Tips for Transitioning from the IT Department to CEO Chair
Prevedere CEO Rich Wagner takes a look at the skills that IT leaders share and what they might need to work on to move into a CEO role.
Innovative by nature, IT pros can make excellent business leaders. Take Dawn Lepore. She started in the IT department at Charles Schwab and rose to the position of CIO. Then, she joined drugstore.com as CEO and positioned the company for acquisition by Walgreens. Then there is Andrew Rashbass. He served as IT director for The Economist before being named CEO of economist.com. Later, he became CEO of Thomson Reuters.
Yet despite natural inclinations that make professionals with IT backgrounds a strong fit for the demands of being a CEO, there are also several skills needed to thrive at the executive level that IT leaders are not exposed to in their day-to-day jobs. Having made the switch from IT to theC-suite, here are some of the lessons I have learned first-hand.
Learn to let go.
IT is highly operational and focused on day-to-day operations, taking logical approaches to solving immediate problems. CEOs, on the other hand, need to be more forward thinking and delegate day-to-day management in many areas. Since many IT leaders come from hands-on experience, letting go may be difficult. Trusting the team you have in place to handle the details is critical to success in the C-suite.
Consider an M.B.A.
A keen understanding of finance is critical to running a company. IT leaders need to have a grasp of general accounting principles, budgeting and forecasting before they are able to provide the level of guidance needed to drive a company and report to a board of directors.
Hone project management skills
IT leaders are typically very good at project management, which is a positive in any role. The ability to quickly grasp the scope and deliverables and then assign and track milestones of any major initiative will help IT leaders excel as executives.
Learn patience and planning
We live in an era of immediate gratification – movies on demand, grocery delivery, same-day shipping, Google search, etc. Yet within business walls, planning out major projects and initiatives can take weeks or months, and even longer to start seeing results. Leaders who can recognize this dichotomy between business strategy and the fast pace of the outside world will be better poised to see success through realistic goals and planning.
[Read more about executive and technology leadership from Rich Wagner.]
Find opportunities to drive change across business units
IT leaders may be recruited to run and manage many enterprise initiatives, from mergers, acquisitions and divestitures to major cost reduction projects. These are excellent opportunities to gain practical insights into the demands of a CEO. In fact, these initiatives are where some of my best leadership experiences came from prior to starting my own company. It was especially beneficial that these events were not aligned with one single line of business, forcing the IT team to stay neutral and maintain a role in culture management. After all, system consolidation, application development, and even smaller initiatives like changing emails, equipment or software have cultural implications that require IT teams to hone their communication and leadership skills. In mergers and acquisitions, for example, there is always debate, uncertainty and bias toward old processes and procedures. IT leaders can be essential in helping to drive change.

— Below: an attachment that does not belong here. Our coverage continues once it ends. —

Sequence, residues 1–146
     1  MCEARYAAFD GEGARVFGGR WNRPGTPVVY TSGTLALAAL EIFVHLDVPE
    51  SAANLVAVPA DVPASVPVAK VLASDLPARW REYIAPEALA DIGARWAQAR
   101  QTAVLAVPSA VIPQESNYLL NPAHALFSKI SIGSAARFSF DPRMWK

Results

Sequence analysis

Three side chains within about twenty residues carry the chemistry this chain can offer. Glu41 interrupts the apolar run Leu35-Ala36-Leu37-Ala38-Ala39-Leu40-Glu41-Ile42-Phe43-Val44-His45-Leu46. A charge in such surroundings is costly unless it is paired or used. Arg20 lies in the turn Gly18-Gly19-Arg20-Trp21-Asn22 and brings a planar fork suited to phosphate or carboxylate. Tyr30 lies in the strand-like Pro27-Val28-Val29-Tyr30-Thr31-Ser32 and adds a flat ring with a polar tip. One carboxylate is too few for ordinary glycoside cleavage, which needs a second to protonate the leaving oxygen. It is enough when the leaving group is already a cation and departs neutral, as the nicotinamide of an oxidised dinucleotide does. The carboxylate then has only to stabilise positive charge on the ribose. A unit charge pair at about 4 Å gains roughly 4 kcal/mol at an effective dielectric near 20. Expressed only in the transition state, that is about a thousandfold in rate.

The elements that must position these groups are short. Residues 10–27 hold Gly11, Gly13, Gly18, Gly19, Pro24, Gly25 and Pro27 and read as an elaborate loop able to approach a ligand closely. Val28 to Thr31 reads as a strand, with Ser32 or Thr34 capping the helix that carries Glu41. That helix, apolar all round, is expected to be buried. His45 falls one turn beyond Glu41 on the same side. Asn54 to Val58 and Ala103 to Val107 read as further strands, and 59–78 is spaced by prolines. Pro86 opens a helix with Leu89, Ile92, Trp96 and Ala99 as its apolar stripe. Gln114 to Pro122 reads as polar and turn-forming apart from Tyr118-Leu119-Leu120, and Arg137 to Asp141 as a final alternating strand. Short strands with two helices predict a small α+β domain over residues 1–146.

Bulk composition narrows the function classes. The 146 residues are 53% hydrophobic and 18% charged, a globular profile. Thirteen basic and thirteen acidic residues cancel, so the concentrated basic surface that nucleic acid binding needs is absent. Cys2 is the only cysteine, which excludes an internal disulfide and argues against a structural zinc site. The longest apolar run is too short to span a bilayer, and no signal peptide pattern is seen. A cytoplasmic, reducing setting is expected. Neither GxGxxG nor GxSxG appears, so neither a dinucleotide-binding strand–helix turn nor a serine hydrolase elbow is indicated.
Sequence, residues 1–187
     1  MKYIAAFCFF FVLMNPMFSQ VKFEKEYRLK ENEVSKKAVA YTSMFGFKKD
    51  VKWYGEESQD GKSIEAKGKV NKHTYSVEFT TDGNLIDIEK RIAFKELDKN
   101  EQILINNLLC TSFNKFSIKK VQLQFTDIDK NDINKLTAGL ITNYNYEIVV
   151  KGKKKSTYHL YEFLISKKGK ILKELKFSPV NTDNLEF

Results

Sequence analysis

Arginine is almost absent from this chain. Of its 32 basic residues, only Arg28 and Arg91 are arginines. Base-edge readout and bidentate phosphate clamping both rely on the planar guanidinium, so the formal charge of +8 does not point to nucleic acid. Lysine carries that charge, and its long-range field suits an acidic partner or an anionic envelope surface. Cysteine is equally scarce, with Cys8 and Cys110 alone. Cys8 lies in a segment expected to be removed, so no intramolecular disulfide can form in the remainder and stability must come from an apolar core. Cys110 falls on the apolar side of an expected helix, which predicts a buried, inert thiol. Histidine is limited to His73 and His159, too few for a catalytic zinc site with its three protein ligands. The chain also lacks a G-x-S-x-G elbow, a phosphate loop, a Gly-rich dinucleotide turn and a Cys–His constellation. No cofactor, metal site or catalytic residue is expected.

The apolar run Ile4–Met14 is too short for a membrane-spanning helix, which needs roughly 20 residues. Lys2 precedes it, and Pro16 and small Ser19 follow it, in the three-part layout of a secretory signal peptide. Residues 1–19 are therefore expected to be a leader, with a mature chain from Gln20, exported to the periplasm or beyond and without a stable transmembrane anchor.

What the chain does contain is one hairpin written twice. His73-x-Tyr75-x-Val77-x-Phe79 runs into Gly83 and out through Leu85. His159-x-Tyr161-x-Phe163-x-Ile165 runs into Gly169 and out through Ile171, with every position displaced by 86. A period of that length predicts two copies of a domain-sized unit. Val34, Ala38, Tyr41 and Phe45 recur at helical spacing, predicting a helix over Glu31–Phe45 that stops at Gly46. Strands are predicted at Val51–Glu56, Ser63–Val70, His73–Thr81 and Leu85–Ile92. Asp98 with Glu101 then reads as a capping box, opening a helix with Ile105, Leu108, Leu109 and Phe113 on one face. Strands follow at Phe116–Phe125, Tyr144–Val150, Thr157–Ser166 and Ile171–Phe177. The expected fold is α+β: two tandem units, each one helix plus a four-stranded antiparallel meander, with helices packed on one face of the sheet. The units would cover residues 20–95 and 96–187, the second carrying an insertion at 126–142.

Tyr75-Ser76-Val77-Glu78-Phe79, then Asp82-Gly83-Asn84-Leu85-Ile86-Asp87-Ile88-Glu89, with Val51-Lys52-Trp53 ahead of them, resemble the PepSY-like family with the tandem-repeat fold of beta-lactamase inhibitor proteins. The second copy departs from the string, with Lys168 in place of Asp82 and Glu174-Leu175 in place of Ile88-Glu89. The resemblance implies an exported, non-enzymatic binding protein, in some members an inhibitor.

Logic, coupled with innovation, are two keys to executive level success, which is why IT leaders are a good fit for the CEO chair. We thrive in an ever-changing technical environment, and in today’s fast-moving global economy and age of innovation, that ability to adapt with ease is key to success – both in IT and at the executive level. I have seen many business leaders that are clinging to decade old processes, procedures and technologies because they are either too complacent or too fearful to implement and adopt change that is necessary to compete today. IT leaders willing to embrace change can thrive in the CEO chair.
However, executive leadership requires many skills that IT professionals may not get to experience in their day-to-day roles. Seeking out such experiences like those mentioned here helped me succeed in the transition to CEO, and can be helpful to anyone looking to make a similar transition.
With an extensive background in IT strategy and innovation, Rich Wagner has seen first-hand the power that external big data can bring to a company's financial performance. Today, as president and chief executive officer at Prevedere, Rich helps industry-leading companies like RaceTrac Petroleum, Masonite and Brown-Forman to look beyond their own walls for key external drivers of financial performance. He has uniquely positioned Prevedere as a complementary solution to existing forecasting platforms by tying the right external economic factors to corporate performance. Combining the power of big data, machine learning and predictive analytics, Prevedere drives unprecedented forecast accuracy. Under Rich's leadership, Prevedere has been named a "Cool Vendor in Information Innovation" by Gartner and an FP&A Innovation Awards winner in Forecasting and Planning.
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